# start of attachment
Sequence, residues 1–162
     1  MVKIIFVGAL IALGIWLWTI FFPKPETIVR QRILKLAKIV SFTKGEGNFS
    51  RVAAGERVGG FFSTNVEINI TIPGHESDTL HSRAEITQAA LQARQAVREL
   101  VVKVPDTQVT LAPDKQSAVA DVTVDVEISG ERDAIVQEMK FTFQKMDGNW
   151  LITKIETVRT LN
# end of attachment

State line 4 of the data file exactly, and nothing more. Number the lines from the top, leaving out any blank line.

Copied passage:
   101  VVKVPDTQVT LAPDKQSAVA DVTVDVEISG ERDAIVQEMK FTFQKMDGNW